Triplett: Do we have a word limit? The problems have obviously been widespread to reach this point. The biggest was their defensive collapse. They went from fourth in yards allowed last year to 31st this year. They blew coverage assignments, missed tackles, didn’t force enough turnovers, didn’t get enough pressure. It’s stunning because they had most of the same core players as last year, plus they added safety Jairus Byrd (who struggled before suffering a season-ending knee injury).
In general, I’d chalk it up to a “sophomore slump.” They were counting on a lot of young guys, and I think a lot of them expected to just naturally take that next step. Either they weren’t as motivated or offenses had a better plan for them, etc. I still think it can be salvaged, but we’ll see.
Meanwhile, the offense also underachieved on a smaller scale with Drew Brees forcing way too many passes that turned into crucial interceptions in big moments and Jimmy Graham not making as big of an impact as he should have on a consistent basis.
Again, I’ll throw the same idea back at you. I predicted the Buccaneers to finish second in the NFC South because I think they have so much talent on defense, and I thought the veteran coach and QB would stabilize them. Is there still hope this team can contend in the division as early as next year?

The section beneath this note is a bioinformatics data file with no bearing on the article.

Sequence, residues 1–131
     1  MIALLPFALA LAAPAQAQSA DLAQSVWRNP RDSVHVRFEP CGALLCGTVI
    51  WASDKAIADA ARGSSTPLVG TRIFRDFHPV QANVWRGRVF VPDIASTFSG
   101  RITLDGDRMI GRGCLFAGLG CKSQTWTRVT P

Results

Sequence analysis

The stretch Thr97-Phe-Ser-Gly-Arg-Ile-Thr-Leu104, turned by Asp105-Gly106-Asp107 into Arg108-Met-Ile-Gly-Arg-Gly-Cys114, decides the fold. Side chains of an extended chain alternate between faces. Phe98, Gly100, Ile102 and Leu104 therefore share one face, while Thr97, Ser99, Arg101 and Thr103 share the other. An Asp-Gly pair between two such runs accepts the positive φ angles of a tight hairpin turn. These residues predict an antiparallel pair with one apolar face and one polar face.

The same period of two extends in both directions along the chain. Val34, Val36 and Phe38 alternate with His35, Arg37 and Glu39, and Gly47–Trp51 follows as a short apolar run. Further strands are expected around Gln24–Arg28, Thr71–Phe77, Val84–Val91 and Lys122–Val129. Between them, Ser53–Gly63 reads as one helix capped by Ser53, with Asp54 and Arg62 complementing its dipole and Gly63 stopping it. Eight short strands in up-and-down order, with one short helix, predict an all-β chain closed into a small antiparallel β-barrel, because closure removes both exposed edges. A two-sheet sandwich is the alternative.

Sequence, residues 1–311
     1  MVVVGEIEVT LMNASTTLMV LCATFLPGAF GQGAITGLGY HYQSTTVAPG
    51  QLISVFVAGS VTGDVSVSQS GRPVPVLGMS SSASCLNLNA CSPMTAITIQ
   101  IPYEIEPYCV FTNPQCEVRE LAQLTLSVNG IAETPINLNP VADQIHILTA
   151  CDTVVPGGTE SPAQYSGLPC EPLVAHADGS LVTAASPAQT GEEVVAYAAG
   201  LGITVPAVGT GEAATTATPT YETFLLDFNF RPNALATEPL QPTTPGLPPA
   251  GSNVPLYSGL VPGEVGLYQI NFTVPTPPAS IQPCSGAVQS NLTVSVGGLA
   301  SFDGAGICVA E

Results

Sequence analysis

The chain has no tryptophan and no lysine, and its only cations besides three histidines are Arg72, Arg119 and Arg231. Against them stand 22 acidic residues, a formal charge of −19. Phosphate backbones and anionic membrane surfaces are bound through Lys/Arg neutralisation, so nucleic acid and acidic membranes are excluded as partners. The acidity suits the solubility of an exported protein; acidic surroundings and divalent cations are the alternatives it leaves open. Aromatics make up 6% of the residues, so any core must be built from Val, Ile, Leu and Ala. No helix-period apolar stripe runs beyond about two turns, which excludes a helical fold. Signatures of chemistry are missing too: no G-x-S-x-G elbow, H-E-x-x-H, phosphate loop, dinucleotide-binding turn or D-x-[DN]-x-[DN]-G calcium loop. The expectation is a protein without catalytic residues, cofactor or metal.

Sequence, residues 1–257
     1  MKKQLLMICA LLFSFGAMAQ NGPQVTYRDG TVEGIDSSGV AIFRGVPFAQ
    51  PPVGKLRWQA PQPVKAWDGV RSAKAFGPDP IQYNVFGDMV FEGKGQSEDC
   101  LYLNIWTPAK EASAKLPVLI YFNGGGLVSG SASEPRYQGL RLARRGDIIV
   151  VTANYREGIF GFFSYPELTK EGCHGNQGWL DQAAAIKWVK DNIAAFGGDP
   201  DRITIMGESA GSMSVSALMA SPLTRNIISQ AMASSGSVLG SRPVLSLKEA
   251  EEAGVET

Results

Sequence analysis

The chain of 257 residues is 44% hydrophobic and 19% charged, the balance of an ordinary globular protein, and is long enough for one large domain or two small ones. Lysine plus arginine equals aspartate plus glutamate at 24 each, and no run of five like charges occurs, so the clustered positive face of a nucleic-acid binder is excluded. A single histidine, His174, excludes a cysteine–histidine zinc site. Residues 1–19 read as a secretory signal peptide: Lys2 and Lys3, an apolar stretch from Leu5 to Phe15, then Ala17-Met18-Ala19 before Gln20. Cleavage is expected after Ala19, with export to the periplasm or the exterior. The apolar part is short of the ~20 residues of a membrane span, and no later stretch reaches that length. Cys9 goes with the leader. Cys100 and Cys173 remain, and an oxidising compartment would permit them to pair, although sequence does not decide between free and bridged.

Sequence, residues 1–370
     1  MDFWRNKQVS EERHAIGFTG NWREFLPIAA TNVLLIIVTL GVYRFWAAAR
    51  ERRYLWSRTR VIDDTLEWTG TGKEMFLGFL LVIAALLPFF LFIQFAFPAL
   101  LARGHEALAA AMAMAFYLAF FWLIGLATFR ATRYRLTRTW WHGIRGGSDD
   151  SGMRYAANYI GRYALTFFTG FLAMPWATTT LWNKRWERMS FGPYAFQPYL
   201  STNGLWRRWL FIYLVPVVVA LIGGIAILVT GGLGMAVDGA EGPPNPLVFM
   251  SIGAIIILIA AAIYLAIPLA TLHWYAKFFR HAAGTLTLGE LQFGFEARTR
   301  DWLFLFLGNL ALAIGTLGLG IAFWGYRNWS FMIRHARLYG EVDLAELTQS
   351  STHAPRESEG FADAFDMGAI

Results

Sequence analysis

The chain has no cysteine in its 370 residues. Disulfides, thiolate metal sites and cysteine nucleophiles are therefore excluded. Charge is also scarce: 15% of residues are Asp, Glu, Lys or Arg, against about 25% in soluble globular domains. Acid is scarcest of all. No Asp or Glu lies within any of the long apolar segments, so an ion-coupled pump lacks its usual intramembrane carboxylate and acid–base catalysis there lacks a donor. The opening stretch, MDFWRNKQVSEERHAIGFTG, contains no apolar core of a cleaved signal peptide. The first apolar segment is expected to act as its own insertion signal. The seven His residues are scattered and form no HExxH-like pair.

Yasinskas: I predicted the Bucs would go 8-8 and thought they might even be able to get a win or two more. I thought the arrival of Lovie Smith, combined with some good defensive talent already in place, would be enough to fuel a quick turnaround.
Obviously, I was very wrong. Like you, I could write a book about everything that has gone wrong for the Bucs. But we don’t have room for a book, so I’ll try to sum it up quickly. Things got off to a rocky start in the preseason when offensive coordinator Jeff Tedford had a heart procedure. He took a leave of absence and eventually left the team. I don’t think the offense ever recovered from that. Tedford was supposed to install an up-tempo, innovative offense. We never saw that and the offense never got into any sort of rhythm.
Despite Smith’s reputation as a defensive guru, the defense struggled early in the season. It took some time to learn the Tampa 2 scheme. The defense did improve pretty dramatically in the second half of the season, but it wasn’t enough to compensate for the lack of offense.
I do think the Bucs can turn things around next season. But they’ve got to find a good offensive coordinator and they have to be a lot better on offense.
You mentioned Brees forcing a lot of throws. That’s what I think I’ve seen from a distance. But I’ve had personnel people around the league tell me that Brees is on the downside of his career. What’s your take on his season?
Triplett: I honestly don’t think we’ve seen major signs of regression, Pat. I think he has at least two or three more high-level years in him. But it has been a really weird season for Brees. He leads the NFL in passing yards (4,671) and ranks second in completion percentage (69.6, which ranks seventh in NFL history). But those interceptions have been really bad -- especially considering some of the situations. This last one against Atlanta with a chance to win the game in the final minutes was one of a few real stunners this year.